At work we’ve been employing RxJava across our codebase. This means that most methods we write, especially those involving database or network calls, will return an Rx type (e.g. Observable, Single, Completable).
For example, there’s an operation to delete a credit card from a user’s virtual wallet. This requires sending a request to our server to delete the card. As a side effect, we also want to delete this card locally from our database when the network call completes successfully.
I posted an article a few months back explaining some of the issues of using Parcelable and how leveraging a library can help mitigate them. I’ve since come to the realization that these issues should have never really arisen in the first place. The real issue was that I was using Parcelable the wrong way.
It might seem easy, and even appropriate, to generate a Parcelable implementation for most of your data objects. The ones that get used by your views may need to get passed to an Intent or Bundle in order to be available to another Activity or Fragment.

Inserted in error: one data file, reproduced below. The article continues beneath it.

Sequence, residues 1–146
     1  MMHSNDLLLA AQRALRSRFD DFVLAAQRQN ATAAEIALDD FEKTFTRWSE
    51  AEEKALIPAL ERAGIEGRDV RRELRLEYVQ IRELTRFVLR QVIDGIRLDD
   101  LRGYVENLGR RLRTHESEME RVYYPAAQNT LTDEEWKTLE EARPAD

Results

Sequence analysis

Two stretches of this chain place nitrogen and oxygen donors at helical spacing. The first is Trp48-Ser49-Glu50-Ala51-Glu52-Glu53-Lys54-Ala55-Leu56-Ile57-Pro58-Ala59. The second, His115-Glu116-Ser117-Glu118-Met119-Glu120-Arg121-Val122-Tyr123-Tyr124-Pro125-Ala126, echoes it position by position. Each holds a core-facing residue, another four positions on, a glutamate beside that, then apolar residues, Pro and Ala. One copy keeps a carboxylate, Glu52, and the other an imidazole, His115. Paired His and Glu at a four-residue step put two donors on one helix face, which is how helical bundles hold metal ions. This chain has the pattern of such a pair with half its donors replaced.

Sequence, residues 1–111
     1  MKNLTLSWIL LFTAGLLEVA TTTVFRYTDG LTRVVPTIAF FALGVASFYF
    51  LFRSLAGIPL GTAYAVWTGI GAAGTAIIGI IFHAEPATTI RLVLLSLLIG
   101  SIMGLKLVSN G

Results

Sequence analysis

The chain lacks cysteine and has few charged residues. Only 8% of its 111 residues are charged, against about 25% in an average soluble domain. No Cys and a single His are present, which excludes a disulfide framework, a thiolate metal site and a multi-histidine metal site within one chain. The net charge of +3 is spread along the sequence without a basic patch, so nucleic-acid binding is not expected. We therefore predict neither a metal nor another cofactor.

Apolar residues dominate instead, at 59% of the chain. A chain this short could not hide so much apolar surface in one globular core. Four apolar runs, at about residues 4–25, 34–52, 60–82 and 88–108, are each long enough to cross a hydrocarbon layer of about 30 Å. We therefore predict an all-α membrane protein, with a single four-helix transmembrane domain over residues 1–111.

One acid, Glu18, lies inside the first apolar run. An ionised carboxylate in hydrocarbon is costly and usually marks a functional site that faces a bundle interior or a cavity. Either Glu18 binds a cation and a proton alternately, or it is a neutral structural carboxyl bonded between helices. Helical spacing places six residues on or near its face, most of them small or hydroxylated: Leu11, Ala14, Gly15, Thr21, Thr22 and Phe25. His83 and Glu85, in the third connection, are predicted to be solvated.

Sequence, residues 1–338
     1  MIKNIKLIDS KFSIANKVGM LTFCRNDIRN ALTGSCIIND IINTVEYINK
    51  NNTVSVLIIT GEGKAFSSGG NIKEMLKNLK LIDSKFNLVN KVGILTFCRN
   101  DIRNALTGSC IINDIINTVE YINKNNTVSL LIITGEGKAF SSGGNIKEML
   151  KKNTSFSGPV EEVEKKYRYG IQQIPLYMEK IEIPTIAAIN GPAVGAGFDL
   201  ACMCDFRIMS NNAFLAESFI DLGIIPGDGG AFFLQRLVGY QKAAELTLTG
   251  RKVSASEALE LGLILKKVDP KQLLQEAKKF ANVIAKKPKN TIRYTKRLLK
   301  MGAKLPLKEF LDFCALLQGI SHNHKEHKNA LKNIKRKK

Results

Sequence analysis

As an Android developer you’ve probably used Parcelable for one thing or another: whether it’s storing an object in an Intent or passing arguments to a Fragment. While there are ways to avoid using Parcelable, it can often be the simplest and quickest way of passing data around.
Implementing Parcelable is pretty straightforward. In fact, Android Studio can auto generate the code for you when you add the interface to your class.